Stay in Somerset

When you visit Somerset you can experience the drama of Exmoor, Glastonbury, Wells (the smallest city in England) and the seaside fun at the family resorts of Minehead, Weston-super-Mare or Burnham-on-Sea. The tranquil landscape of the Somerset Levels and Moors are ideal for walkers and cyclists of all abilities. Somerset has plenty of beautiful peaceful countryside, over 40 miles of coastline and a rich mixture of heritage, history and legend.

Winsford, imge: South West Tourism

With a great variety of local foods including Cheddar cheese, strong Somerset cider and cream teas, Somerset will always give you a real taste of the South West of England. There is a great range of accommodation in Somerset, from self catering cottages to farmhouse bed and breakfasts, luxury hotels and family friendly holiday parks.

Somerset, in the heart of the South West, is a County of contrast. The north coast resorts on the Bristol Channel offer superb beaches and mile upon mile of golden sand. Brean Sands, Burnham and Minehead have been popular seaside resorts for many years. But head just in land and you will find spectacularly wild Exmoor moorland or gentle rolling hills of the Quantock Hills, the Mendip Hills or the Blackdown Hills on the border with Devon.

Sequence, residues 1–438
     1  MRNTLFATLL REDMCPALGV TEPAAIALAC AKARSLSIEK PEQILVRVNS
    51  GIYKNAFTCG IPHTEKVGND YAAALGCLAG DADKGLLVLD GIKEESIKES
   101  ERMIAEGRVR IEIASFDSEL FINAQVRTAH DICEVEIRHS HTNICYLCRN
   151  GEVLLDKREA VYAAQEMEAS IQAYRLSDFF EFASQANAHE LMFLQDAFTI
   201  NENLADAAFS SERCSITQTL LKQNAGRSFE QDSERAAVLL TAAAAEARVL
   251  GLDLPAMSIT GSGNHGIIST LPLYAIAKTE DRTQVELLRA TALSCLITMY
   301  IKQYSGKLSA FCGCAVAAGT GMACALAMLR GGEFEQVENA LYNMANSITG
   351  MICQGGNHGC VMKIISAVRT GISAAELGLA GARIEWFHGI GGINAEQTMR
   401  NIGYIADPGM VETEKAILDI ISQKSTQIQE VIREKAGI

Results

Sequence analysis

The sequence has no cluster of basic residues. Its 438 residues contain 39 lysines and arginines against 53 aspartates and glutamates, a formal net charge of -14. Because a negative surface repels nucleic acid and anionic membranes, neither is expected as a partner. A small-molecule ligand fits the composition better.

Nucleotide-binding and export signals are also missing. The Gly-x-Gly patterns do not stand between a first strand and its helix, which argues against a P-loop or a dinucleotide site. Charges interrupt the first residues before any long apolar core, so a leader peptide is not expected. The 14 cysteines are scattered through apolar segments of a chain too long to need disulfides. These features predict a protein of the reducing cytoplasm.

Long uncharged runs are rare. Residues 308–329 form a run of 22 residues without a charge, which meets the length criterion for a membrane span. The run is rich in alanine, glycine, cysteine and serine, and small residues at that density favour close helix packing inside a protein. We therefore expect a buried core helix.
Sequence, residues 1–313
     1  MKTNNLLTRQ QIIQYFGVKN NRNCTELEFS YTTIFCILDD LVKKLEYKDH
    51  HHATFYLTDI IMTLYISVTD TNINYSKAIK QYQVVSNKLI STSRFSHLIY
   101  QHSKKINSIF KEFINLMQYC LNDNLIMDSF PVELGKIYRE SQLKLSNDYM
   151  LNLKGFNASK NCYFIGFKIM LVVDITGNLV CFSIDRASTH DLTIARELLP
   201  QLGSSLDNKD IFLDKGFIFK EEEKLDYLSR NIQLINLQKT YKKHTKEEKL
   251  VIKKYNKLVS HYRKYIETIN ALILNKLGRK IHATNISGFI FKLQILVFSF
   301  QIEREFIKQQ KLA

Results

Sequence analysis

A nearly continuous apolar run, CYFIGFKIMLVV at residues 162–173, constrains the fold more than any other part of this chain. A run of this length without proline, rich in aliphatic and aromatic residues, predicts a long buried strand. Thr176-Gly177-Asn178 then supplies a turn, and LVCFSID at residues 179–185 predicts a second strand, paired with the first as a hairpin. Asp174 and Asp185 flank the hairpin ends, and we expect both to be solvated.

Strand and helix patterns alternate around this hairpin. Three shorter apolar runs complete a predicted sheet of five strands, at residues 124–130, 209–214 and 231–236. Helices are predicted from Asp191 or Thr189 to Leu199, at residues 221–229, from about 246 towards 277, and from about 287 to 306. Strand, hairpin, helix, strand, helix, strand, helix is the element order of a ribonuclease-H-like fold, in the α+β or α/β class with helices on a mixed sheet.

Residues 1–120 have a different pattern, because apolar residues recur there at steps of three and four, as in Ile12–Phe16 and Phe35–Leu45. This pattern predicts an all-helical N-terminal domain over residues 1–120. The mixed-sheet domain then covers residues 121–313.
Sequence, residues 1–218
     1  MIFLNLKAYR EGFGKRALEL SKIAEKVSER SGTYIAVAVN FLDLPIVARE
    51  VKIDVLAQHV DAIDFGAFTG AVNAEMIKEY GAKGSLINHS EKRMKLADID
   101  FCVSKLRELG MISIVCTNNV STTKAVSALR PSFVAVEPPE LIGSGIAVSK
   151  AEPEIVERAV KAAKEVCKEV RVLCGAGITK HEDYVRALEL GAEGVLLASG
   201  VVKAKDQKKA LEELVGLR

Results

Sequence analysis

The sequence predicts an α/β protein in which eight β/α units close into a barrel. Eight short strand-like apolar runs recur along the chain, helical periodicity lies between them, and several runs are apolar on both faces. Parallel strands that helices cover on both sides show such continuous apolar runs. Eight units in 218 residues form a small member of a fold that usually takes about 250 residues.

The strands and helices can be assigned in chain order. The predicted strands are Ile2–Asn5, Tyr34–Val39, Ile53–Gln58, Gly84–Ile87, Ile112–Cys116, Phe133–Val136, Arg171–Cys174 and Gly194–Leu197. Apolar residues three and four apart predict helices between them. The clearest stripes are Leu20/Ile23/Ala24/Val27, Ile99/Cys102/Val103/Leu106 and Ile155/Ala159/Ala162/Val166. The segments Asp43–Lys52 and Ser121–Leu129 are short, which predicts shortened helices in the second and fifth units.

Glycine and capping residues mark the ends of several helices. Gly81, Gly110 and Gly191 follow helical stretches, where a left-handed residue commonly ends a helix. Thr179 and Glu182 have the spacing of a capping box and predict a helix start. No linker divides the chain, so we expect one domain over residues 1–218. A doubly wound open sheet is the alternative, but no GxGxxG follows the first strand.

In the caves at Cheddar Gorge and also in the caves of the Mendip Hills, archaeologists have dated human remains back to 12,000 BC. It seems that cave dwelling has been a part of Somerset life for many years, with some caves, like Wookey Hole, still being occupied today.


Winter Gardens, Weston-Super_Mare

Weston-super-Mare, on the north Somerset coast, offers visitors miles of golden sand in a traditional seaside holiday resort. Unusual is the tide at Weston, with the low tide mark often about a mile from the seafront. Weston became popular when the railway opened it up to tourism in the 19th century and today it remains a popular holiday resort, offering entertainment, museums, theatres, the pier and plenty of places to stay.


Glastonbury is situated on the Somerset levels, where the mainly flat landscape is interrupted by Glastonbury Tor, a cone shaped hill that rises out of the landscape. This has led to many myths and legends surrounding Glastonbury, including an involvement in the Arthurian legend. Over more recent years Glastonbury has attracted large crowds each year to The Glastonbury Festival, which takes place just outside the town in the village of Pilton.

Glastonbury Tor, image: South West Tourism


Wells Cathedral

Just on the edge of the Mendip Hills, the city of Wells claims to be the smallest city in England. It has a population of just over 10,000 people, but it has been a city since 1205, being home to Wells Cathedral. The Cathedral, which dominates the skyline of the Wells, is the seat for the Bishop of Bath and Wells, and is noted particularly for the impressive vaulted ceiling and for having the heaviest set of 10 bells in the world.

For your stay in Somerset, you may want a hotel, guest house, bed and breakfast, hostel, camp site, spa resort, self catering cottage or a holiday park – simply select your chosen accommodation to view more details.

There are many exciting events happening in Somerset through the year and Somerset offers several world class visitor attractions not to be missed.